Which brings us to this clever job posting for an Arc Developer:
Arc developer, seven+ years experience required.
It’s geek humor if you were around in the 90’s when recruiters were looking for Java developers with five to seven years of experience in a language that had only been publicly introduced in late-1995.
Ok, engaging in a bit of benign google-bombing/search-engine optimization/what-have-you here. The point is that Peter Seibel’s book, Practical Common Lisp, is a better starting point for learning Lisp than the list Marty Hall maintains but last updated in 1999. After a read through PCL the newbie can try tackling the titles Marty recommends.
I ran across a reference to Drew McDermott on comp.lang.lisp, read his (thoughtful) screeds:
and his and his colleagues solutions collected in YTools.
Must make some time to explore this.
I may not have been blogging it but I’ve been doing some reading. I’m not sure what to make of this list:
- Lee Parks’ Total Control. Readable with nice glossy pictures. I didn’t learn anything particularly new but I will use the drill diagrams in my next parking lot practice.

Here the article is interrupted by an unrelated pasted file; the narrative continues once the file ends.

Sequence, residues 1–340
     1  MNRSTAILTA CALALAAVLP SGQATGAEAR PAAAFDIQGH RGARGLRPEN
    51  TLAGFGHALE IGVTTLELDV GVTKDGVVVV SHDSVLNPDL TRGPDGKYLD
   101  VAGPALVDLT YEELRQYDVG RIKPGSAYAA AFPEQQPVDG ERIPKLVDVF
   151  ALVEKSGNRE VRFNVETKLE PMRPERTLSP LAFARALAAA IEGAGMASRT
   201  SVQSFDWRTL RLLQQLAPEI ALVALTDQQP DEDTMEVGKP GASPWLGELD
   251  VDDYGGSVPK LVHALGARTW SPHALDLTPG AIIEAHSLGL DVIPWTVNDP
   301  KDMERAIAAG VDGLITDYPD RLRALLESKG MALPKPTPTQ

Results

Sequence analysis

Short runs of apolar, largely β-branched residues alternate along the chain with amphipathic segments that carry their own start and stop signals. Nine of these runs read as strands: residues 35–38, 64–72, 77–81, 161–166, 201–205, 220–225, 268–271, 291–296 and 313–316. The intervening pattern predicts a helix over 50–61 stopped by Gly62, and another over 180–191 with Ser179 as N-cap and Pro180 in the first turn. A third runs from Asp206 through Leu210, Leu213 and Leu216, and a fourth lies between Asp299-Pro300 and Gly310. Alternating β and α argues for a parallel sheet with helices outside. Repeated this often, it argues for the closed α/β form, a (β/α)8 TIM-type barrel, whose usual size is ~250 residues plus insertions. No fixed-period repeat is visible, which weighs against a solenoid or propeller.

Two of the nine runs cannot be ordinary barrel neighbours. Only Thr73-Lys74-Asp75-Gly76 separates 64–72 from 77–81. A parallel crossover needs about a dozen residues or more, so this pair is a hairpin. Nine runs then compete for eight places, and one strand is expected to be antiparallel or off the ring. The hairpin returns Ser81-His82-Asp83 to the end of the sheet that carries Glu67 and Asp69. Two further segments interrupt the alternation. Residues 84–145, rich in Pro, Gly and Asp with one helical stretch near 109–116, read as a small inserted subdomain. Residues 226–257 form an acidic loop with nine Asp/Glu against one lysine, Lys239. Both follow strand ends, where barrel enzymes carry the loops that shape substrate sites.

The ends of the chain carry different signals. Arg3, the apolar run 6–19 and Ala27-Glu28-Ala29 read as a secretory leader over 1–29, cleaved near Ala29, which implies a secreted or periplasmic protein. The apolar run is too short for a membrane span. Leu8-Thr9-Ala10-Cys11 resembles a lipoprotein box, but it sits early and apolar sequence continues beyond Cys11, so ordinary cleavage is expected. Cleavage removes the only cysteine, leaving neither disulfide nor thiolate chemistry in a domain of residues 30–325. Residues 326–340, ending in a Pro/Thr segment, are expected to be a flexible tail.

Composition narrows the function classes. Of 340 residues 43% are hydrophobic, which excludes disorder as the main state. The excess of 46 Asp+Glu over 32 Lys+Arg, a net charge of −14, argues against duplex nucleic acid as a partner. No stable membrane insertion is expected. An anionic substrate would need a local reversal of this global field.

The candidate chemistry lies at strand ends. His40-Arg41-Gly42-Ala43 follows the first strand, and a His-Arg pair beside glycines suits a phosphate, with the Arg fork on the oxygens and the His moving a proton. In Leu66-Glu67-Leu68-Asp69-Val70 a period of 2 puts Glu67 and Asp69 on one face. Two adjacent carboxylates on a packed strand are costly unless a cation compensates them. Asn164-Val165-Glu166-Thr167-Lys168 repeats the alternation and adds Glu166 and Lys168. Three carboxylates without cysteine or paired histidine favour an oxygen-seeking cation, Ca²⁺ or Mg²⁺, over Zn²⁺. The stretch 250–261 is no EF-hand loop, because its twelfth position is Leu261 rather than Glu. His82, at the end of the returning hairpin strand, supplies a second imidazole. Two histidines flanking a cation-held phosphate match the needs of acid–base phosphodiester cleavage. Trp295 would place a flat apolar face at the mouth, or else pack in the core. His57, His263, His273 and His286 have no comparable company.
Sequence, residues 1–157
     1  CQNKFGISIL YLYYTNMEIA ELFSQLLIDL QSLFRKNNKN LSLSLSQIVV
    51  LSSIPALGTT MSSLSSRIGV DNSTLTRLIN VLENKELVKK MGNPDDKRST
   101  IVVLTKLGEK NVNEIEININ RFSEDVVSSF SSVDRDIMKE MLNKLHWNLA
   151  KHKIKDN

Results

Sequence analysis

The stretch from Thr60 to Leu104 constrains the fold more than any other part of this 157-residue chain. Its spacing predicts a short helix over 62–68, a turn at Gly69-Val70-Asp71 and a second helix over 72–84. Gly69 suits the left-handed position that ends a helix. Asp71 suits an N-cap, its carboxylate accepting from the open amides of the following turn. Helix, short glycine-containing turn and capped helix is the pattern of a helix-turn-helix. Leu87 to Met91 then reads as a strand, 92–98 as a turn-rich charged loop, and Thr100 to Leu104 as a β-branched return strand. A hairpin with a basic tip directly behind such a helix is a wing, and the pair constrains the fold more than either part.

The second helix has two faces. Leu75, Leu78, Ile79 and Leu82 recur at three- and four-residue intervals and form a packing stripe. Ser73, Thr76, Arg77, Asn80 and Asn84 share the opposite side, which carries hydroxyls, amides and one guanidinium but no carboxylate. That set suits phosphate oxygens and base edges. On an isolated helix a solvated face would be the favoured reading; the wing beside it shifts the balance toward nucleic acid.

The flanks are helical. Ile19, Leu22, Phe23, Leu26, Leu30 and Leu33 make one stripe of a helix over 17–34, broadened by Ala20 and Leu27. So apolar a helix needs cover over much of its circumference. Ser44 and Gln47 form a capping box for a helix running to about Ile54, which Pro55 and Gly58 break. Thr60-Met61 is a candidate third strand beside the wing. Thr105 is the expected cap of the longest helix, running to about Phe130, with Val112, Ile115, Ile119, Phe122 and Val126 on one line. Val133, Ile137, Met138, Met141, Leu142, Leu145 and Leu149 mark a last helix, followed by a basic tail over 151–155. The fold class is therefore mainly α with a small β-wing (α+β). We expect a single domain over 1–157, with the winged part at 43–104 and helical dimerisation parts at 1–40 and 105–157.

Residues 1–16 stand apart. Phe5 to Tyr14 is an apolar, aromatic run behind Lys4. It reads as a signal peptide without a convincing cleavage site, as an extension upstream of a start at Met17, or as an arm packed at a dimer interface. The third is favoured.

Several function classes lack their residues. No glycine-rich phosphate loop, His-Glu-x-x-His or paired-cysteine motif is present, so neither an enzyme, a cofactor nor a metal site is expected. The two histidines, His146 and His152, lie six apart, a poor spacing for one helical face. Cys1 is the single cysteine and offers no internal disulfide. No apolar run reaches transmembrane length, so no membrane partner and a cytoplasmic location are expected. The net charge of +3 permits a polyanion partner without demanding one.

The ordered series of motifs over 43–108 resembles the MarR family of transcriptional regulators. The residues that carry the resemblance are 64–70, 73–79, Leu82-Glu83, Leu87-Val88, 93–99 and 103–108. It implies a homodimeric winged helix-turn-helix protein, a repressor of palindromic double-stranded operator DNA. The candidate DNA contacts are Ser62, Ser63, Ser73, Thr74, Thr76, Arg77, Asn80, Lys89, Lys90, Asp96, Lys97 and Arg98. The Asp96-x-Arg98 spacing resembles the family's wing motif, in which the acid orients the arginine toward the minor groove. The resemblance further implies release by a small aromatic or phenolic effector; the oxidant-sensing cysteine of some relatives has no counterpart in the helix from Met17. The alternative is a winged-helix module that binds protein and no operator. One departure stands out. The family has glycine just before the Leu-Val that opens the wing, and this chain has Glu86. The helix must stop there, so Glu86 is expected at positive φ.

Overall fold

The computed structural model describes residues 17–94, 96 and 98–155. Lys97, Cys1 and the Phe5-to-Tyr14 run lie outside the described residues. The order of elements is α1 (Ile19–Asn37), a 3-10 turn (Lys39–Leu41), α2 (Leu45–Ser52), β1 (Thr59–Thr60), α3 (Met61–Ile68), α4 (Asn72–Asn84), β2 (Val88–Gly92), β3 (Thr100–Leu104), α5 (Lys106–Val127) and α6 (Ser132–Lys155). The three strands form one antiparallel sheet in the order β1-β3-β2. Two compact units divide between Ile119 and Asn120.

- David S. Touretzkys Common Lisp: A Gentle Introduction to Symbolic Computation. Possibly the best $2.75 I’ve spent on a programming textbook. Genuinely entertaining for an introductory text though the LISP dialect is outdated and I was sometimes frustrated piecing it together on a modern implementation. I may throw a current edition to my son when he’s old enough.
- Eugene Charniak’s Introduction to Artificial Intelligence. I don’t have an interest in A.I. but it has a LISP orientation and presents two very good chapters on Parsing and Searching. For $2.25, I couldn’t pass it by.
- Guy L. Steele’s Common Lisp: The Language. Actually, that link is to the reference I should have bought. I mistakenly picked up the 1984 edition. Fortunately, it was only $2.80 and electronic versions of CLtL2 are in the CMU AI Repository.